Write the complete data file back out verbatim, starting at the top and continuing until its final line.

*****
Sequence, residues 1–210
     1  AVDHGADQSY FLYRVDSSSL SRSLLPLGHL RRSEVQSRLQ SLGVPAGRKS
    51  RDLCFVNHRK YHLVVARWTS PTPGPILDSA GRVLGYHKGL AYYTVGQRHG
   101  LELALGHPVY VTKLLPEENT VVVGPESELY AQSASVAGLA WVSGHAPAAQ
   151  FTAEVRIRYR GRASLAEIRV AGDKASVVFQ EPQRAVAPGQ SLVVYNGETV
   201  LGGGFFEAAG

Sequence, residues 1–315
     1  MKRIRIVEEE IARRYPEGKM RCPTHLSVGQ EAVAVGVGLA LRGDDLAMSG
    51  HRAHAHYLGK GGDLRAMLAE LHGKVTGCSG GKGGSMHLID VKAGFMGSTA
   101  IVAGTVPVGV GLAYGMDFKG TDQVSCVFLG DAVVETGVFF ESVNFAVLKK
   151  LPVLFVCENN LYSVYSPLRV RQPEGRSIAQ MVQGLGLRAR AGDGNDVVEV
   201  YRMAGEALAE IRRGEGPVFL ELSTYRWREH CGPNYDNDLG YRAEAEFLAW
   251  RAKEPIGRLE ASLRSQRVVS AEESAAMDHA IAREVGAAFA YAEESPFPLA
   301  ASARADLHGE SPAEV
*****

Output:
Sequence, residues 1–210
     1  AVDHGADQSY FLYRVDSSSL SRSLLPLGHL RRSEVQSRLQ SLGVPAGRKS
    51  RDLCFVNHRK YHLVVARWTS PTPGPILDSA GRVLGYHKGL AYYTVGQRHG
   101  LELALGHPVY VTKLLPEENT VVVGPESELY AQSASVAGLA WVSGHAPAAQ
   151  FTAEVRIRYR GRASLAEIRV AGDKASVVFQ EPQRAVAPGQ SLVVYNGETV
   201  LGGGFFEAAG

Sequence, residues 1–315
     1  MKRIRIVEEE IARRYPEGKM RCPTHLSVGQ EAVAVGVGLA LRGDDLAMSG
    51  HRAHAHYLGK GGDLRAMLAE LHGKVTGCSG GKGGSMHLID VKAGFMGSTA
   101  IVAGTVPVGV GLAYGMDFKG TDQVSCVFLG DAVVETGVFF ESVNFAVLKK
   151  LPVLFVCENN LYSVYSPLRV RQPEGRSIAQ MVQGLGLRAR AGDGNDVVEV
   201  YRMAGEALAE IRRGEGPVFL ELSTYRWREH CGPNYDNDLG YRAEAEFLAW
   251  RAKEPIGRLE ASLRSQRVVS AEESAAMDHA IAREVGAAFA YAEESPFPLA
   301  ASARADLHGE SPAEV